It’s become a common refrain among critics in Southwestern Ontario: stretching higher than city skyscrapers, the towers are blights on the landscape and health hazards to nearby residents.
Only, this time, the targets aren’t giant wind turbines but cellphone towers.
On Monday, a group of Grand Bend-area residents appealed to Lambton-Kent-Middlesex MP Bev Shipley for a moratorium on cell towers — two of which are set to be built in that area.
Opponents of wind turbines want them stopped until Health Canada finishes a health study next year. There’s no similar study on cell towers; Health Canada calls them safe.
Skeptics include Melissa Chambers, who lives near Port Franks, and others who have signed a petition calling for a tower-free “sanctuary.”
“I have become electro-sensitive,” said Chambers, a commercial airline pilot who flew around the world until her illness became debilitating in March.
Now her world is limited mostly to cell-free areas around her home — a result, she says, of an extreme reaction to cellphone radiation.
Chalmers fled London for Port Franks after a specialist in Toronto diagnosed her vertigo, nausea, tinnitus and memory loss as an over-sensitivity to those waves.
She says she can feel it through her skin when she is around cellphones, cell towers, WiFi hotspots and cordless phones.
“It feels like a rippling, prickling sensation.”
Low-level radio-frequency fields emitted by cellphones and cell towers are similar to those emitted by AM/FM radios and televisions, Health Canada says.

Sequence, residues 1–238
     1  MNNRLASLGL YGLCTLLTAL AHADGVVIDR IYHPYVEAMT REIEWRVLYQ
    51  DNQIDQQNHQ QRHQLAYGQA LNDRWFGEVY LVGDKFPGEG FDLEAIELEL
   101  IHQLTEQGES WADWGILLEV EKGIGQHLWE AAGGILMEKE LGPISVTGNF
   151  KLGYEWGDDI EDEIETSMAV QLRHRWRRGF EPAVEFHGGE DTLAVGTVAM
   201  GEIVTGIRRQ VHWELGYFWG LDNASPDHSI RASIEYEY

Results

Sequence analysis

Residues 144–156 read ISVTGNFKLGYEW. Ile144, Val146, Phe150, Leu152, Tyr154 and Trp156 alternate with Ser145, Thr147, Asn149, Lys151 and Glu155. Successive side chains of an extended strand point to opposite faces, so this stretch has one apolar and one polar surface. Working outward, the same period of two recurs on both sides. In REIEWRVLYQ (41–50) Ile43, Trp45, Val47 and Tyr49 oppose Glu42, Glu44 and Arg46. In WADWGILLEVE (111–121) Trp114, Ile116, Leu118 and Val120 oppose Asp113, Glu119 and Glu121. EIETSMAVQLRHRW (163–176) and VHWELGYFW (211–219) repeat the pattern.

Shipley said Industry Canada and Health Canada regulations govern the safety of phone towers and, unless compelling evidence comes forward, he’s content with the rules as they stand.
But even the demonstration couldn’t change the use of cellphones.
Protester Arthur Lake of Southcott Pines said cellphone radiation contributed to his wife’s death from a brain tumour. Nonetheless, he continues to use one and carry it on his hip.
Residents are critical of the process that has enabled Bell Canada to build a bigger cell tower near a playground and homes in the Southcott Pines subdivision of Grand Bend. Another tower is planned for Port Franks.
The group gave Shipley a sheaf of papers with studies they say prove the harm cell towers can pose. They have also carpeted the community with flyers and a petition.
Laureen Maurizio, an organizer of the protest, said, “We want to choose what we live around.”
Canadians in 2010 were packing 24 million cellphones and there’s no sign of stopping.
Chalmers admitted that halting all tower construction could result in “a lot of pushback . . . There are a lot of people that don’t want to believe it because they want their devices.”
A spokesperson for Bell Canada couldn’t be reached for comment. In the past, the company has said its towers are safe and meet Industry Canada standards.
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